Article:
My Experience with the R3build Design Competition
By Sebastian Downs, EIT, LEED GA, Boston Green Schools Volunteer Management Coordinator
Last November, New York’s USGBC chapter Urban Green opened registration for their emerging professional design competition “R3build.” The design was for a new home on Breezy Point, NY, which was one of many communities devastated by Hurricane Sandy in 2012. The objective of this competition was to design a home with a focus on resiliency, energy, environment, and economy in order to create an affordable, scalable, modular home that could be quickly built in coastal communities impacted by natural disasters; this home would be resilient enough to withstand extreme weather events. The design also had to meet all local codes and LEED v4 for Homes Gold standard.
When I decided to sign-up, I figured it would be a fun way to engage with some of my far-flung friends in architecture and engineering programs, get some good hands-on experience in working with a cross disciplinary team on a design project, and a chance to flex my newly accredited Green Associate skills. It proved to be all of those things and more.
Coordinating primarily via Google Drive and Hangout, we ended up with a design that was truly a melding of many individuals’ inputs. Our final design was inspired by the dynamic, yet resistant nature of the sand dune, which is simultaneously shaped by the ocean, and protects itself as well as the surrounding area from storm damage.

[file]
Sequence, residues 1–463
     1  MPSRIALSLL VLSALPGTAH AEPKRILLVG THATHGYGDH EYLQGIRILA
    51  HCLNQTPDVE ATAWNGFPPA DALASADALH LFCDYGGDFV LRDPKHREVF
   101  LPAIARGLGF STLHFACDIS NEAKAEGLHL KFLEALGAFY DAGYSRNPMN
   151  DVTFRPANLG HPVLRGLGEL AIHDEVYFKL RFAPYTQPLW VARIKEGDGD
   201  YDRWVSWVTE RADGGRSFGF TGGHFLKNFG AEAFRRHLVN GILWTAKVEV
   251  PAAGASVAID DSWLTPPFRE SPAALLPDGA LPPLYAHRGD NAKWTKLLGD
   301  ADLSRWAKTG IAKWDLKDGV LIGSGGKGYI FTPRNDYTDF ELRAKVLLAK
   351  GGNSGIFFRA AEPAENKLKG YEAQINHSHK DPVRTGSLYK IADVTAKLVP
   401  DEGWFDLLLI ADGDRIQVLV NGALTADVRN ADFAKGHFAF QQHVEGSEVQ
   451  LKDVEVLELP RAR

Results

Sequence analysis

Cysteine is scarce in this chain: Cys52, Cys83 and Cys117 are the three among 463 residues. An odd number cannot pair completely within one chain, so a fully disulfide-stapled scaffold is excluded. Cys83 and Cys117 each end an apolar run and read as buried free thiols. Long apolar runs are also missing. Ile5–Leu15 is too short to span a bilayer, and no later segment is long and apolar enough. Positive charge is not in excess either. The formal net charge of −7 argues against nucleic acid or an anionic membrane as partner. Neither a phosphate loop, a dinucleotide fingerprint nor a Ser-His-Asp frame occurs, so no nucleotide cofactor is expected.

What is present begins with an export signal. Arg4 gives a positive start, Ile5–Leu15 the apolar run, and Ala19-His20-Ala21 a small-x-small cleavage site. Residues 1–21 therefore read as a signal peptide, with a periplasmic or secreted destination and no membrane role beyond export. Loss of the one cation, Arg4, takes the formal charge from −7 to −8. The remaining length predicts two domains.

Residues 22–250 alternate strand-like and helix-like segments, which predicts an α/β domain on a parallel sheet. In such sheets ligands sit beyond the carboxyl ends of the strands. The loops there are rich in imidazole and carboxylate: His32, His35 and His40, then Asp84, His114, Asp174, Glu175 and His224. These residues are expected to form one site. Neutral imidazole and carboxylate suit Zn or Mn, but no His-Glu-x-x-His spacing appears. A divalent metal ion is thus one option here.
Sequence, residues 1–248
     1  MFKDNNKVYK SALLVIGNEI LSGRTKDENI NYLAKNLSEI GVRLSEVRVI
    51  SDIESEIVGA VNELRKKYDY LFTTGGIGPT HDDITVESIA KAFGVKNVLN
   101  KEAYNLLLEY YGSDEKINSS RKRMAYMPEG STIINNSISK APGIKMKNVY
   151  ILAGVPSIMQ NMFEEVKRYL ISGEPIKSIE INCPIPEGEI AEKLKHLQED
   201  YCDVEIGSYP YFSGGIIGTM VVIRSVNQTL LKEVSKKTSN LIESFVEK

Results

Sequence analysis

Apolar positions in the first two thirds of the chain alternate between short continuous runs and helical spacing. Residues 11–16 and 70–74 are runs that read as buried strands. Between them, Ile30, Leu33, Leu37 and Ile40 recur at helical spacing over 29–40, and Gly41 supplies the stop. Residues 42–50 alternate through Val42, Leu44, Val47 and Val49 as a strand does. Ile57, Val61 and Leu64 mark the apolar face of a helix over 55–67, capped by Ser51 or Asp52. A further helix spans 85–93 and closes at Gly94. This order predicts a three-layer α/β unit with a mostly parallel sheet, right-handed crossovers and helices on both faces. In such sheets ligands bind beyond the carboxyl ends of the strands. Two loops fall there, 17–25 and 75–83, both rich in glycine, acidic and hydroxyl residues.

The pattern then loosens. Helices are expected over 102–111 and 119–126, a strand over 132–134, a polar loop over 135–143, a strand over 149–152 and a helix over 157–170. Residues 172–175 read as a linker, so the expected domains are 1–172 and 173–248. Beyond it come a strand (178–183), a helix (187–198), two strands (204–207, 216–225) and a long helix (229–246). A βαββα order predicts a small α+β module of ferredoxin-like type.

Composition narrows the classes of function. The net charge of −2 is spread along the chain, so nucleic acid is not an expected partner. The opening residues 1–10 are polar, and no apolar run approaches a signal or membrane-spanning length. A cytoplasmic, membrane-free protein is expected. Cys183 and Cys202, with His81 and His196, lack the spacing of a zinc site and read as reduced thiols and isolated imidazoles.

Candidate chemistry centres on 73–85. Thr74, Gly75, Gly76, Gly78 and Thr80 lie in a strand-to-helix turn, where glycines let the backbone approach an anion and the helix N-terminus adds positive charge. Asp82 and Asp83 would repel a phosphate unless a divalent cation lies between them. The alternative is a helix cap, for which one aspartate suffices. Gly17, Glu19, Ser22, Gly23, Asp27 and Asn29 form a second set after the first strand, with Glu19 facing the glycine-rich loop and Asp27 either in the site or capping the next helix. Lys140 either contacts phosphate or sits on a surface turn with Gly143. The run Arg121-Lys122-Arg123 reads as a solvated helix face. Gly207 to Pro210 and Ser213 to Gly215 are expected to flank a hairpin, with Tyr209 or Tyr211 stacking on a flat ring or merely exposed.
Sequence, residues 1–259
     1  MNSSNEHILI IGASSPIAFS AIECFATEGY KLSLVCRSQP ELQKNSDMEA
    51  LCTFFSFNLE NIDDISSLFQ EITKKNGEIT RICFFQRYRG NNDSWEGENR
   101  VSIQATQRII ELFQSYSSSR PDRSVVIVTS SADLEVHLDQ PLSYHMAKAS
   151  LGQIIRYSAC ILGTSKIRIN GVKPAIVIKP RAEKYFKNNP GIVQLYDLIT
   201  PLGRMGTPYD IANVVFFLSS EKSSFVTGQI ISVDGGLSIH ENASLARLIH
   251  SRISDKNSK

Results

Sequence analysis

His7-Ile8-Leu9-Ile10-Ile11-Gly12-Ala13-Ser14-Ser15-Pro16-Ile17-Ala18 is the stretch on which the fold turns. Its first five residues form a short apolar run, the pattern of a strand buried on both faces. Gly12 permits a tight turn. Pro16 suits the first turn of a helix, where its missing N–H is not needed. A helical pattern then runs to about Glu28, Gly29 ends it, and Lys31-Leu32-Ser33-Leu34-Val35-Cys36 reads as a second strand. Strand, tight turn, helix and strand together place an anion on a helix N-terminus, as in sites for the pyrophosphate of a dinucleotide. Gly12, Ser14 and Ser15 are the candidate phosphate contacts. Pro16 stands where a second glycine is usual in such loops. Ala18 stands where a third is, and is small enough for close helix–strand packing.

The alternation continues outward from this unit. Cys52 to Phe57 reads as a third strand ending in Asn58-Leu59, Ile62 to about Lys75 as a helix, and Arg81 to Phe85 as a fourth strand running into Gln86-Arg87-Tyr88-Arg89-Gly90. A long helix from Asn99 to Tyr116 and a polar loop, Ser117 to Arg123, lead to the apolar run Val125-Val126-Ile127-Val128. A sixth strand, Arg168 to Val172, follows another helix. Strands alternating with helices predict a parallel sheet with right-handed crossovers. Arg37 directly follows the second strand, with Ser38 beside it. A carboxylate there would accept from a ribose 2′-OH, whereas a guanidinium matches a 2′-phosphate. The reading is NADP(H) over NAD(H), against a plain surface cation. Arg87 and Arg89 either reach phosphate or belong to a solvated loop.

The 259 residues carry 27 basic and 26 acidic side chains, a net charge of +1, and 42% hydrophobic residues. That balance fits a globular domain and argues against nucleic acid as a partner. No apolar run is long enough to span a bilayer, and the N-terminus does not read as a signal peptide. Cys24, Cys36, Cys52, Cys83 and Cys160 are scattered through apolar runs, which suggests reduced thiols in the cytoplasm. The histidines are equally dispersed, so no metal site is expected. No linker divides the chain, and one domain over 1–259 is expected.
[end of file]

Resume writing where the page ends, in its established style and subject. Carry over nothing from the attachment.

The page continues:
We used shipping containers as a primary building element since they are water and wind proof, highly durable, modular, and relatively inexpensive for the size and durability they provide. The roof system mimicked sand dunes in shapes and was lofted above the structural elements, which would reduce wind speeds, increase solar exposure for panels, and provide some cover for the upper deck level. The interior had an open layout that could be rearranged to suit the needs of the occupants, including a mobile kitchen island to distinguish the kitchen from living space. Even the landscaping resembled dunes with bio-swales infiltrating stormwater on site. The building systems provided resiliency through redundancy, such as integrating both solar hot water and an electric heating element, so if one system broke there would be a back up. We anticipated the design achieving 71 points on the LEED v4 for Homes, including all the potential regional priority credits.
On March 12th, two of my teammates and I attended the Urban Green spring reception as one of five finalist teams in the emerging professional design competition (working from Boston, upstate New York, and Rome, not every team member could make it in to NYC on a Wednesday night). As it turns out, we were the only finalist team with no professional architects or engineers. Although we did not rank in the top three, the design was noted by the judges for being the only in the competition to use shipping container architecture and bio-mimicry.
The winning design, a self-titled “Bayside Bunker,” came from an architecture duo out of Queensland, Australia.